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By Rev. Paul Wooley

Imagine if you will the possibility of miniaturizing a radio station that is so small that you can put it in your pocket. That is the reality of a wireless microphone system when a pocket or ‘belt-pack’ transmitter is matched with a receiver which is then connected to a sound system.

In this instalment, I will give some basic definitions mixed with ideas that can save money and improve performance.

Wireless systems allow freedom from microphone cords, which are, however, the most dependable system. However, wireless units, like any technical system, have a number of ‘trade-offs’ to be considered.

There are a myriad of different transmission technologies, analogue Frequency Modulation (FM) on either VHF or UHF frequency bands, and the newer Digital systems.

Wireless transmitters come in two basic formats, Belt Packs for use with either Lapel Microphones or Headset Microphones, or Hand Held microphones. What is seen the most in churches are Belt Pack systems which allow the speaker to operate in a hands-free manner.

Receivers for these systems are either enclosures, that are about the size of a pocketbook, some of which are designed to be mounted in equipment racks with other sound gear.

However, the rise in the number of people recording video with DSLR cameras has led to the marketing of systems which have a small receiver that can mount on the flash shoe of a camera. The output of these receivers can plug directly into your sound system using an inexpensive 3.5mm to 1/4 inch plug converter. These systems, which are available as either FM Analogue or Digital, generally offer decent performance and a transmission distance of about 30 meters. The difference is that regular format systems range from a low of around $200 to thousands of dollars, while the camera mount systems are available from below $100 to about $300. Additionally, many of the camera mount systems are available with a two-transmitter, one-receiver package.

There are two types of microphones used with the belt-pack transmitters.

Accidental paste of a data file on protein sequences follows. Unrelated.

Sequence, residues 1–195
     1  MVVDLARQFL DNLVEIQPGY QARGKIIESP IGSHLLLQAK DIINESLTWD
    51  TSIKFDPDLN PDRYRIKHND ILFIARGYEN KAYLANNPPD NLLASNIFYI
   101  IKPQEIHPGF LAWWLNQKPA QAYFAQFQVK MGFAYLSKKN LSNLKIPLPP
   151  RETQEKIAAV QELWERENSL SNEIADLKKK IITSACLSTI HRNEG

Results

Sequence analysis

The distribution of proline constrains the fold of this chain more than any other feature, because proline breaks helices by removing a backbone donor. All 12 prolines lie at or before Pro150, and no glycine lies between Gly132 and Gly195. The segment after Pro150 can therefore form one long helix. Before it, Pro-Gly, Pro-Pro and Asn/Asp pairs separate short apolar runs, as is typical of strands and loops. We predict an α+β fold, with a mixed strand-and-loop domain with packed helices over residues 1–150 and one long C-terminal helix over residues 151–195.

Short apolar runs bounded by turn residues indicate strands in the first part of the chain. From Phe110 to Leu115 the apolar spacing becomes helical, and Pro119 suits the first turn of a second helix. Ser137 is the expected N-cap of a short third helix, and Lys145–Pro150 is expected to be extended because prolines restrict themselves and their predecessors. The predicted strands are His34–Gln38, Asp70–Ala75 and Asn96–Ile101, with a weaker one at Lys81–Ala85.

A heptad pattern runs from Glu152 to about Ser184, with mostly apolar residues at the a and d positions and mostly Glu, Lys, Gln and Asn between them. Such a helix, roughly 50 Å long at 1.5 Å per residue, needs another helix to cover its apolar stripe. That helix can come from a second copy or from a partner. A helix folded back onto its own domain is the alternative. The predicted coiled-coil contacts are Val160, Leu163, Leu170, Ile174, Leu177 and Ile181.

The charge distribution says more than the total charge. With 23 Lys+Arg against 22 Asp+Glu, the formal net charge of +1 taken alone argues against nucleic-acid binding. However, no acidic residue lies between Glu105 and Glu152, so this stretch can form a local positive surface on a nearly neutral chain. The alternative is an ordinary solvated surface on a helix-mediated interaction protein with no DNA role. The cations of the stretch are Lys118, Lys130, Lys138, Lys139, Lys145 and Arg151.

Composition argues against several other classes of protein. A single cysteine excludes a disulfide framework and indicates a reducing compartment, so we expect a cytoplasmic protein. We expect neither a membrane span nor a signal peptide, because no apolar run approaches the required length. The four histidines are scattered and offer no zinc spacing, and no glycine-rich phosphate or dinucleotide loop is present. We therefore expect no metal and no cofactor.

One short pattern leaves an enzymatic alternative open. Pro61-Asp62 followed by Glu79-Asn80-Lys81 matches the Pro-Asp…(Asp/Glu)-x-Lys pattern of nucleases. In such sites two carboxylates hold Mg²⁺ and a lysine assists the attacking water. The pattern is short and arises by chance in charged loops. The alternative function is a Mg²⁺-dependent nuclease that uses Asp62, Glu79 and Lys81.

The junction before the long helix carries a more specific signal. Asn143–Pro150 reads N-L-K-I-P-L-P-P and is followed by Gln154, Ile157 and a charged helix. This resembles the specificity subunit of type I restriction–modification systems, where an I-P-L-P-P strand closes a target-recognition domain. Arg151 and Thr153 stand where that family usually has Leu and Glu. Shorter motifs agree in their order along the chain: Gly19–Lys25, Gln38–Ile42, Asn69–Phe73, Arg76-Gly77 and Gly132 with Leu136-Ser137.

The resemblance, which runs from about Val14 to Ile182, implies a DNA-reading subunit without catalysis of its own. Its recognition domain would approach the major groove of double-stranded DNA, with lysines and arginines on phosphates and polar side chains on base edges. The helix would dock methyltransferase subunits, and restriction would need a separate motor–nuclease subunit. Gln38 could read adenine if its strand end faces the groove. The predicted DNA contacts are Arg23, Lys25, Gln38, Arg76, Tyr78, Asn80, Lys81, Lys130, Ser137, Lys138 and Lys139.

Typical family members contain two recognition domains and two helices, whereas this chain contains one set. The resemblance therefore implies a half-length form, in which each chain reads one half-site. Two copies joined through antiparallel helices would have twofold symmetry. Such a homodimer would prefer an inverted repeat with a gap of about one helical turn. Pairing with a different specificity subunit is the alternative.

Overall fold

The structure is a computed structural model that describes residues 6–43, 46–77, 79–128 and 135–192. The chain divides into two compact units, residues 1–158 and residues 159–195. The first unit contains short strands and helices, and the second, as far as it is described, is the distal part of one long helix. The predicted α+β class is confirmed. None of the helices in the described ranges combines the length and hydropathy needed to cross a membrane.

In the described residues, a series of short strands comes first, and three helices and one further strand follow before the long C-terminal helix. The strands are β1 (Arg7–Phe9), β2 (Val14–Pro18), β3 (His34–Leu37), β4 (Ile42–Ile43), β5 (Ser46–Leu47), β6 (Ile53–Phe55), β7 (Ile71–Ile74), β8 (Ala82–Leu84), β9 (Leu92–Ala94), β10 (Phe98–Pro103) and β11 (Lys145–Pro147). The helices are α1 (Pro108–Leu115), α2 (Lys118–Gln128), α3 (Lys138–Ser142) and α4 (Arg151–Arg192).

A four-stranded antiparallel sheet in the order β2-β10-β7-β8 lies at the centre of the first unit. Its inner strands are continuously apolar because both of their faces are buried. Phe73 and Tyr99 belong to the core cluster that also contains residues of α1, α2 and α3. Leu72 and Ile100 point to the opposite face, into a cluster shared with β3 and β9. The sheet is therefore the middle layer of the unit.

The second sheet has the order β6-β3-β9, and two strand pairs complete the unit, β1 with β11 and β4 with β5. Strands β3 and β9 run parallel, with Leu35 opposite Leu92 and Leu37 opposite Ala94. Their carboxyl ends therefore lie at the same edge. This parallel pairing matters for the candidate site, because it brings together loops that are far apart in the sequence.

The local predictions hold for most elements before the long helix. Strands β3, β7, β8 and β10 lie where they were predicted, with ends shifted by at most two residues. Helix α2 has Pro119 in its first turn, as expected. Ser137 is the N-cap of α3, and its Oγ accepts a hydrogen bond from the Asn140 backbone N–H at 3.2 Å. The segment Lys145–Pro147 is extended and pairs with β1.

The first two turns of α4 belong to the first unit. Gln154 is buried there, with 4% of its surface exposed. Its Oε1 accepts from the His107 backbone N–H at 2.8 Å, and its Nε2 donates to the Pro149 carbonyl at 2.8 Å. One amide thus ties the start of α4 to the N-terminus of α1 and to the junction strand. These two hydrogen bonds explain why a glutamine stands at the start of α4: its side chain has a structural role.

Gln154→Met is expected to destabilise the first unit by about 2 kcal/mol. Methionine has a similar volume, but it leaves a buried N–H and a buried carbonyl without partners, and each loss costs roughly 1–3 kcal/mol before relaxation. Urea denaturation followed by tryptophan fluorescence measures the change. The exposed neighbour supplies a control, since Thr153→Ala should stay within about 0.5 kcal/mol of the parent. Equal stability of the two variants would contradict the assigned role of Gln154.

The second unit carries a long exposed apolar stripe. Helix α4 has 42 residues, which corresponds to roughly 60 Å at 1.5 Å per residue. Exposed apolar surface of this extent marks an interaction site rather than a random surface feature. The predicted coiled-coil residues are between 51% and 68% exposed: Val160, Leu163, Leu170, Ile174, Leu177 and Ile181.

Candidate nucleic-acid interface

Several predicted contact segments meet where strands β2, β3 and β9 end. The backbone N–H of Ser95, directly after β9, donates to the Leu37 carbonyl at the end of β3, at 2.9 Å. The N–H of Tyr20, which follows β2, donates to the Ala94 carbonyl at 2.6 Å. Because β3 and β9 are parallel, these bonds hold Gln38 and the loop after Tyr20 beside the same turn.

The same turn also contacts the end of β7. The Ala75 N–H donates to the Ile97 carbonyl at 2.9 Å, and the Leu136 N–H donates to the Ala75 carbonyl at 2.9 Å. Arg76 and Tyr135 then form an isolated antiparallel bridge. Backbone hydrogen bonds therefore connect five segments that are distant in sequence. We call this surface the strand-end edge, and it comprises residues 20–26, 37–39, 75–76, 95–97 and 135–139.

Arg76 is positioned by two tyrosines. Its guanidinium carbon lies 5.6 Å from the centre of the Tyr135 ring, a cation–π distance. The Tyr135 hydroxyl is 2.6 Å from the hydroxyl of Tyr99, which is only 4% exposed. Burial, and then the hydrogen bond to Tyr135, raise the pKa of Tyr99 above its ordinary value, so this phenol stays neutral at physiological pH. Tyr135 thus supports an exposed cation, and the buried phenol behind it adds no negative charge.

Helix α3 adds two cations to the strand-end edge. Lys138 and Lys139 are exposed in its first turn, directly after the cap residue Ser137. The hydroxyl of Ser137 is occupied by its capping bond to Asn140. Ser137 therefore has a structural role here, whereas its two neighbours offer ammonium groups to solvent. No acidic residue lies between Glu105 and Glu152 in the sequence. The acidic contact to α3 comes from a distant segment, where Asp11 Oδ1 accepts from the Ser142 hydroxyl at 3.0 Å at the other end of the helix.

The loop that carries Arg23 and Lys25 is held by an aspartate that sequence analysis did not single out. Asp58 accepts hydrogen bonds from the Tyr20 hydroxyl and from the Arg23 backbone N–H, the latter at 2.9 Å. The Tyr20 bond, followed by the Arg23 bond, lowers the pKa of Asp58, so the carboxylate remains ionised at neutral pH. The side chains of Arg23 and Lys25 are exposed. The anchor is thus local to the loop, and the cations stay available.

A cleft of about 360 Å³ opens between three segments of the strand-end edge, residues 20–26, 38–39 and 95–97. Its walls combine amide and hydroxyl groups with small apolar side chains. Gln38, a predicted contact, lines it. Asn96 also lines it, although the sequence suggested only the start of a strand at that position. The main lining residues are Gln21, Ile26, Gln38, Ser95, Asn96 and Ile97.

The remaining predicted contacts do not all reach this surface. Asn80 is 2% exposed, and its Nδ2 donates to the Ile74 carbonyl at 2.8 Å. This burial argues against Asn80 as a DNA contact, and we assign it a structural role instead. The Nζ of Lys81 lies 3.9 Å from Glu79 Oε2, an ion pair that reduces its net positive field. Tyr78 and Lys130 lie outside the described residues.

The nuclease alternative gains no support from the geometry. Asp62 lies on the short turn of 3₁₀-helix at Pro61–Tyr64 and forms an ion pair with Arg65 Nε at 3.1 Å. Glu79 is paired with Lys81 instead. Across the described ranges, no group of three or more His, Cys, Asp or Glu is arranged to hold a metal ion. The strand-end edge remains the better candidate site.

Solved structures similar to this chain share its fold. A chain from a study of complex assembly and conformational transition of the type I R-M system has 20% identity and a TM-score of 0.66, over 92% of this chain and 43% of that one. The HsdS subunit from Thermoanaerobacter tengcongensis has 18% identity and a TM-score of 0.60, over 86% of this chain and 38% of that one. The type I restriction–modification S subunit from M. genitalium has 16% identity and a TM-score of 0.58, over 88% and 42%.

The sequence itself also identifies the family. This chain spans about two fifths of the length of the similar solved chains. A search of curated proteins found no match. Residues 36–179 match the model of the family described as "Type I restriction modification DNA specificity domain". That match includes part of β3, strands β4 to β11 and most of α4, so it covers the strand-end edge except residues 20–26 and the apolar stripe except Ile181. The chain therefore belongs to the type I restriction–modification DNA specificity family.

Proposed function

The most common is the lapel microphone (sometimes called a lavalier microphone), the other, increasingly popular type is the headset/earset/miniboom which puts a tiny microphone closest to the mouth of the speaker. They capture a clearer signal, and since they are closer to the mouth of the speaker they pick up less room sound. The actual microphone elements in both configurations are electret elements. (See previous article on microphones)

Headset microphones are available at a moderate cost, with connections to fit any brand of transmitter/connector format. You can buy a decent headset for less than $30 or you can pay hundreds of dollars, however, the actual microphone elements are all made in the Orient, so there is very little difference in performance.

My experience in a number of churches has been that replacement of a lapel-style microphone with a headset has made an immediate and very noticeable improvement in sound quality.

If you have any questions you wish answered in this column, you can email the author:

Rev. Paul Woolley is a retired priest in Huron. He has 55 years of experience working with audio equipment of every description for varied venues.


Improving Church Sound Systems

Basic Layout

Pointers for Speakers and Readers

Hearing the Spoken Word

Church Acoustics 1

Church Acoustics 2